February 1, 2024  Print

Australian researchers have developed a world first test which aims to identify which COVID-19 patients will need urgent, lifesaving, medical treatment.

The test, developed by teams of researchers from The Westmead Institute for Medical Research (WIMR), the University of Sydney Infectious Diseases Institute (Sydney ID) and the University of Queensland, needs a few drops of blood to predict, with near-perfect accuracy, which COVID-19 patients will develop potentially deadly secondary bacterial infections, such as pneumonia.

Secondary bacterial infection is the number one reason people deteriorate after COVID-19, and this usually occurs in the first seven days to four weeks after diagnosis.

The study that led to the development of this test has been published today in leading journal, Lancet Microbe.

Lead author of the study, WIMR’s Dr Maryam Shojaei said, “The current method to detect secondary bacterial infection is unreliable and time-consuming.  It takes up to three days as it requires examining microbiological culture (namely, growing the bacteria on a petri-dish) in a hospital laboratory.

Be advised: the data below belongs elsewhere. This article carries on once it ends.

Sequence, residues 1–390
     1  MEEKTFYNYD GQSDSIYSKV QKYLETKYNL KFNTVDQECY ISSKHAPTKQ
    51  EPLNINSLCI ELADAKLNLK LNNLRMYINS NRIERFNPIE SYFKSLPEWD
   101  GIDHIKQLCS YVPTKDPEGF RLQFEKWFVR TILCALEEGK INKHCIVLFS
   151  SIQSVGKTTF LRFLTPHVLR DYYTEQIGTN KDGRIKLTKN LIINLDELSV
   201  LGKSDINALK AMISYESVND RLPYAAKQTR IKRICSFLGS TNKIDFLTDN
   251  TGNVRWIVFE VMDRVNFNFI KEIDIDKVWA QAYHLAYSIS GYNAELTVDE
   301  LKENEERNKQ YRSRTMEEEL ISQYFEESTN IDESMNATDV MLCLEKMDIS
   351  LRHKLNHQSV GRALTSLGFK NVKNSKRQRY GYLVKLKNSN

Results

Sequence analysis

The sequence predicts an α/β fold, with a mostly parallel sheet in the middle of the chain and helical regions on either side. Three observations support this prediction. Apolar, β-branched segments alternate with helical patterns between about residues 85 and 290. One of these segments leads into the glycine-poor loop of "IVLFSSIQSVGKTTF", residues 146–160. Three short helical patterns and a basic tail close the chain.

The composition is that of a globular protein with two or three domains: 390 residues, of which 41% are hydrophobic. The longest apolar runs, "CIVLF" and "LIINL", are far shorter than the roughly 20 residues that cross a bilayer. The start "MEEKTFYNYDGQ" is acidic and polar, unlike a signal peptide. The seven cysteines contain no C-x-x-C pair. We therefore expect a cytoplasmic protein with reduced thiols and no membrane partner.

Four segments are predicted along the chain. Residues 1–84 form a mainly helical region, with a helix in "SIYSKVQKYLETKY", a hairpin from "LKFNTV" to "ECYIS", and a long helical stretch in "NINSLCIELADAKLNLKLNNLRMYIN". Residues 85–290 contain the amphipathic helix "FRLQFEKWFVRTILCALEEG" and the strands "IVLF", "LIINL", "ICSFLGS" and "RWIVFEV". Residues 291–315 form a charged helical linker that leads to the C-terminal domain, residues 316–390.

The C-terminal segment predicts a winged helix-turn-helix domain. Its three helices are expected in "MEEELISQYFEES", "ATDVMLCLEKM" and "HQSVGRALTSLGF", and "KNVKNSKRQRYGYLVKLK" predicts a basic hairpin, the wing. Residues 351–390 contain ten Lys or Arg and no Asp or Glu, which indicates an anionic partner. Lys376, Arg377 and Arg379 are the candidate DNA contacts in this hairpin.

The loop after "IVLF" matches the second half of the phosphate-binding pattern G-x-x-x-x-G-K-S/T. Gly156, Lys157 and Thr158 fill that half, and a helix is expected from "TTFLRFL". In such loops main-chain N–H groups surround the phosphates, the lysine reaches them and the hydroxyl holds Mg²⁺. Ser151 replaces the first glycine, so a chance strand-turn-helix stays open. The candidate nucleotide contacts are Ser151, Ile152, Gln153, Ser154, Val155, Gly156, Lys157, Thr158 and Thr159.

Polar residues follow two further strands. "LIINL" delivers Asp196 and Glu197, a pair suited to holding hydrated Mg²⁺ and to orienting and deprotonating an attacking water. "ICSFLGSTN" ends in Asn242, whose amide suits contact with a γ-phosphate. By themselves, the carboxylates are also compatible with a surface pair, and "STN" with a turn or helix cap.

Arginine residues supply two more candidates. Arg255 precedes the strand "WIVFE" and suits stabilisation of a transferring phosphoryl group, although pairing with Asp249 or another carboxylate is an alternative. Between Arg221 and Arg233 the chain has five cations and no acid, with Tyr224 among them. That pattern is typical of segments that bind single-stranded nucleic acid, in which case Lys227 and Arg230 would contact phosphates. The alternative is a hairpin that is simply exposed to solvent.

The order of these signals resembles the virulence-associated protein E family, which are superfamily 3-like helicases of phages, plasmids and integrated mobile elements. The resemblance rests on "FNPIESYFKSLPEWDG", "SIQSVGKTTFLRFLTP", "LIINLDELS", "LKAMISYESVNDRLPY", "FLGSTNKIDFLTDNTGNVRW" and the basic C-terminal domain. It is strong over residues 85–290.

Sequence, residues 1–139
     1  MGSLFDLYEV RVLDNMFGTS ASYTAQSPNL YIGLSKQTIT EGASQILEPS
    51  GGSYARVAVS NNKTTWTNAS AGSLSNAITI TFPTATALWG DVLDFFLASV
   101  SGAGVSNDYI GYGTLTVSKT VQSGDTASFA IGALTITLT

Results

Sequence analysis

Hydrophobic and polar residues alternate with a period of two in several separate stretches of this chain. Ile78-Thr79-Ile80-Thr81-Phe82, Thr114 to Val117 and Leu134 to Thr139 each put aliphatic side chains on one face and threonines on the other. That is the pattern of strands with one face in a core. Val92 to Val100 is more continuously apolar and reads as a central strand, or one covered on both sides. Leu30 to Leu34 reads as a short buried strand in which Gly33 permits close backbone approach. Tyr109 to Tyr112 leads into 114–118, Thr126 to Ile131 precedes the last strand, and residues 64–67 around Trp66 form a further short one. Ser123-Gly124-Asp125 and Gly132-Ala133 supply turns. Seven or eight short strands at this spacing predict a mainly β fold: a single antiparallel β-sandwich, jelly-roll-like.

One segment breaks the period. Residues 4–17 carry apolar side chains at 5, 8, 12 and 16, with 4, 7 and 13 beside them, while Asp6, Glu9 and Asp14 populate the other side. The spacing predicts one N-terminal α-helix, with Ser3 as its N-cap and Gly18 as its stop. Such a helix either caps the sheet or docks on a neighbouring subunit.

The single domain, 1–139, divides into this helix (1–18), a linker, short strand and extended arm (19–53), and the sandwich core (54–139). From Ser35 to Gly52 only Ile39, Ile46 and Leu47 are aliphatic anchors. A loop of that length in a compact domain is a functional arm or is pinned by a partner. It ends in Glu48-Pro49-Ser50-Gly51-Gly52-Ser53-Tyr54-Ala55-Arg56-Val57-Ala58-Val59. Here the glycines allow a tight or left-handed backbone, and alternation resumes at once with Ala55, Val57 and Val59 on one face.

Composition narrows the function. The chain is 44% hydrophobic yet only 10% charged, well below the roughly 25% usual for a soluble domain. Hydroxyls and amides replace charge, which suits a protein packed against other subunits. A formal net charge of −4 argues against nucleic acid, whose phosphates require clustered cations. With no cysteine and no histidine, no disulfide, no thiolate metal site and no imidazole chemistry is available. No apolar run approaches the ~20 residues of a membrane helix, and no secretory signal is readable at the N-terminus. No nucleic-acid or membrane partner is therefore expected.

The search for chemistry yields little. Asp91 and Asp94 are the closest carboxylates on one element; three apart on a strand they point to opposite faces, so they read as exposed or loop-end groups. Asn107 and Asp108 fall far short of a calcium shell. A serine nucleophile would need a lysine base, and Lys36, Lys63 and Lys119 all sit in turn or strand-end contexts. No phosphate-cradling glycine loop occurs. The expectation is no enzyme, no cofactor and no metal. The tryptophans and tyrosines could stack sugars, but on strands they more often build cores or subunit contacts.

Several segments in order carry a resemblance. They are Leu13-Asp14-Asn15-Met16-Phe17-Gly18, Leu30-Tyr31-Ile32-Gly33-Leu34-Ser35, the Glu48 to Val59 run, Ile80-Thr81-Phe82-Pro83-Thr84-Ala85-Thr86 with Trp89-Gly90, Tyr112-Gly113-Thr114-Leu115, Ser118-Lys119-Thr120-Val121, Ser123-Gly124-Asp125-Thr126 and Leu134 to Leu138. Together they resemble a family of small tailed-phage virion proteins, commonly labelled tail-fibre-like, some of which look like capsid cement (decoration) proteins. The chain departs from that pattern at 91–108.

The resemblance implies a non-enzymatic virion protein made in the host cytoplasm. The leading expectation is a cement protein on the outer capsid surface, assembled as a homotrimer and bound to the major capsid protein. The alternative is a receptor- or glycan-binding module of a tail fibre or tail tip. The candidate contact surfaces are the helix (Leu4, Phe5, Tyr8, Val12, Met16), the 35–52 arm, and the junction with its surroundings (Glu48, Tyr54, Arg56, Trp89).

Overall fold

“This new method overcomes these limitations. It can provide front-line doctors with time-critical information within a matter of hours and with a much higher accuracy (more than 95%).”

Dr Shojaei explained, “It works by eavesdropping on the immune system. It picks up the signal released by the body’s immune system on the first sign of a bacterial infection.

“By picking up this early warning signal, the test can work faster than the conventional microbiological culture method. This gives doctors a better chance to get on top of patient’s infection before it overwhelms them and potentially kills them.  It is a great example of Precision Medicine at work.”

The secret behind the test’s accuracy lies in the use of advanced artificial intelligence (AI) in its development.

Dr Meagan Carney from the University of Queensland who is first author of the study explains that the AI algorithm is the secret that underpins the test performance.

“We deploy machine learning, which is a form of AI, to look for signatures hidden in the millions of copies of RNA (sister copies of DNA) circulating in the patient’s blood,” said Dr Carney.

The study represents another successful Australian story in the battle against the COVID-19 pandemic. Originally founded by Dr Benjamin Tang in early 2020, the study assembled teams of scientists and doctors from across the globe (Australia, Southeast Asia, Europe, Middle East and USA) to develop cutting-edge technology to better diagnose COVID-19 patients. Now in its fourth year, the consortium has already published several landmark scientific papers.

Dr Shojaei added, “We hope this study will lead to the development of a simple blood test that can help during future pandemics with other viral infections. This type of test will be extremely valuable for the triage of patients when hospitals are running near or beyond capacity.